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Anti-malarial activity of a non-piperidine library of next-generation quinoline methanols

Milner, E and McCalmont, W and Bhonsle, J and Caridha, D and Cobar, J and Gardner, S and Gerena, L and Goodine, D and Lanteri, C and Melendez, V and Roncal, N and Sousa, J and Wipf, P and Dow, GS (2010) Anti-malarial activity of a non-piperidine library of next-generation quinoline methanols. Malaria Journal, 9 (1).

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Background. The clinical utility for mefloquine has been eroded due to its association with adverse neurological effects. Better-tolerated alternatives are required. The objective of the present study was the identification of lead compounds that are as effective as mefloquine, but exhibit physiochemical properties likely to render them less susceptible to passage across the blood-brain barrier. Methods. A library of drug-like non-piperidine analogs of mefloquine was synthesized. These compounds are diverse in structure and physiochemical properties. They were screened in appropriate in vitro assays and evaluated in terms of their potential as lead compounds. The correlation of specific structural attributes and physiochemical properties with activity was assessed. Results. The most potent analogs were low molecular weight unconjugated secondary amines with no heteroatoms in their side-chains. However, these compounds were more metabolically labile and permeable than mefloquine. In terms of physiochemical properties, lower polar surface area, lower molecular weight, more freely rotatable bonds and fewer H-bond acceptors were associated with greater potency. There was no such relationship between activity and LogP, LogD or the number of hydrogen bond donors (HBDs). The addition of an H-bond donor to the side-chain yielded a series of active diamines, which were as metabolically stable as mefloquine but showed reduced permeability. Conclusions. A drug-like library of non-piperidine analogs of mefloquine was synthesized. From amongst this library an active lead series of less permeable, but metabolically stable, diamines was identified. © 2010 Milner et al; licensee BioMed Central Ltd.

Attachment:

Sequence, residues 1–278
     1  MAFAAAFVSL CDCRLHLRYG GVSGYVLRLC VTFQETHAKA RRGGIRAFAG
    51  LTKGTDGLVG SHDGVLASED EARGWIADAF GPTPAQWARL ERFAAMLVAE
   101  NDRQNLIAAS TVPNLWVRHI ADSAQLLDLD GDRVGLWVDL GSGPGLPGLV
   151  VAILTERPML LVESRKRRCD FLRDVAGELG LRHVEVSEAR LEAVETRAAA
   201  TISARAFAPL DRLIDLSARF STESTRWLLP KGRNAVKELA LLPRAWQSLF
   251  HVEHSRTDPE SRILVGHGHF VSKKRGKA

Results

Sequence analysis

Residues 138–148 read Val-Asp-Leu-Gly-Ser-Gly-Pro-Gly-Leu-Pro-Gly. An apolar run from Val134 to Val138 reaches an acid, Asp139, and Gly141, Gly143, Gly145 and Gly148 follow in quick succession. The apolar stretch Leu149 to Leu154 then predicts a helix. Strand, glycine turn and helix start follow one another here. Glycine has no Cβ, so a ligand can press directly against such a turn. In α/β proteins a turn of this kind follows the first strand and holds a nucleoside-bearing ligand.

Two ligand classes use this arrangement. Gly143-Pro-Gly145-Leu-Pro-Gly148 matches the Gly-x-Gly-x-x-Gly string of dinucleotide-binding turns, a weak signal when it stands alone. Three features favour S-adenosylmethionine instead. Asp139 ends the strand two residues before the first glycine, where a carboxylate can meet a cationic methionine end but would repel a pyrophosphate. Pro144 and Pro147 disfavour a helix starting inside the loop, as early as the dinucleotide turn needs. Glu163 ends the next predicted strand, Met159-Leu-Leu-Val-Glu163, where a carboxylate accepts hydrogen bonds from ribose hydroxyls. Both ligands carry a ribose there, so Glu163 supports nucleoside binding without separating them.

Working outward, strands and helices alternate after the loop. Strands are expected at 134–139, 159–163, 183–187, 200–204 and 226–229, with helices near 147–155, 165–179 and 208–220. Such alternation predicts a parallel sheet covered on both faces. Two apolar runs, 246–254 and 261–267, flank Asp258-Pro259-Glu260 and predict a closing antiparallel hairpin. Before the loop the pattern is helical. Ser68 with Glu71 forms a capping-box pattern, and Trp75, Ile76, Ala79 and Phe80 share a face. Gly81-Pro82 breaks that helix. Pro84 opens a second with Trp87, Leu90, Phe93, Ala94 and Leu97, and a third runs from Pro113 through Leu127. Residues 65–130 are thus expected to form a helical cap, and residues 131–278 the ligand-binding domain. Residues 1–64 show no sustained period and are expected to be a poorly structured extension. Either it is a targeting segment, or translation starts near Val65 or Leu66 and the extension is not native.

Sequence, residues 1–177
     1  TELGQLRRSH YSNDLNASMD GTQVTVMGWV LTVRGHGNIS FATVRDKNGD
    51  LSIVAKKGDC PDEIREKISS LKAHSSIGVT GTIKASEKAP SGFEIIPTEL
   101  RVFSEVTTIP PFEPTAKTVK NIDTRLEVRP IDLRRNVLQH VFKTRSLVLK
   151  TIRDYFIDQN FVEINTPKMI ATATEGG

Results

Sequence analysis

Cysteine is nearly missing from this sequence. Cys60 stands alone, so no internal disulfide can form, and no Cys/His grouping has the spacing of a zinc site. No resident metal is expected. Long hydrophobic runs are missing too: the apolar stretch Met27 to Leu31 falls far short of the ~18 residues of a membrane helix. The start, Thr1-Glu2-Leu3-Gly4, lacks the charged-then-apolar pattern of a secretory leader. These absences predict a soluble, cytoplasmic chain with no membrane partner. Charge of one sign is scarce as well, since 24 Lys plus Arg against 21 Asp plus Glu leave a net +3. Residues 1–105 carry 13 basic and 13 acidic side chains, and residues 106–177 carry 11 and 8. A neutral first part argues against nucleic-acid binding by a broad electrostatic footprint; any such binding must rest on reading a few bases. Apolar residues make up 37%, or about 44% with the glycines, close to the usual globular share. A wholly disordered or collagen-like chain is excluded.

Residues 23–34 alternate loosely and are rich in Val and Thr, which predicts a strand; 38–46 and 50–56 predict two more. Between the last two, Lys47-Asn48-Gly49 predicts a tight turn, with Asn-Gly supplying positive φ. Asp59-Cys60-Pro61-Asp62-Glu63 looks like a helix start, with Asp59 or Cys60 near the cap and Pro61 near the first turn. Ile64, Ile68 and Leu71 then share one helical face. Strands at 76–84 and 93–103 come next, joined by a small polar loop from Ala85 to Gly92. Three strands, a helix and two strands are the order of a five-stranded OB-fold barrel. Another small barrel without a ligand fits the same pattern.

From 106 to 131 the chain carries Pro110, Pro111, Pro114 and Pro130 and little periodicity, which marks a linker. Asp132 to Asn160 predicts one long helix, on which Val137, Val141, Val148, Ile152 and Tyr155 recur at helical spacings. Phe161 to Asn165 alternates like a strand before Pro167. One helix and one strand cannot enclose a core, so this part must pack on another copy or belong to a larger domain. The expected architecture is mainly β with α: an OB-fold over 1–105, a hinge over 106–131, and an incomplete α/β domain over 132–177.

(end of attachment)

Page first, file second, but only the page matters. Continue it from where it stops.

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Item Type: Article
Status: Published
CreatorsEmailPitt UsernameORCID
Milner, E
McCalmont, W
Bhonsle, J
Caridha, D
Cobar, J
Gardner, S
Gerena, L
Goodine, D
Lanteri, C
Melendez, V
Roncal, N
Sousa, J
Wipf, Ppwipf@pitt.eduPWIPF
Dow, GS
Date: 16 March 2010
Date Type: Publication
Journal or Publication Title: Malaria Journal
Volume: 9
Number: 1
DOI or Unique Handle: 10.1186/1475-2875-9-51
Schools and Programs: Dietrich School of Arts and Sciences > Chemistry
Refereed: Yes
MeSH Headings: Antimalarials--pharmacokinetics; Antimalarials--pharmacology; Drug Discovery; Hypoxanthine; Mefloquine--pharmacology; Mefloquine--toxicity; Methanol--pharmacokinetics; Methanol--pharmacology; Permeability; Plasmodium falciparum--drug effects; Quinolines--pharmacokinetics; Quinolines--pharmacology
Other ID: NLM PMC2833169
PubMed Central ID: PMC2833169
PubMed ID: 20149249
Date Deposited: 07 Jun 2013 20:47
Last Modified: 20 Sep 2022 13:15


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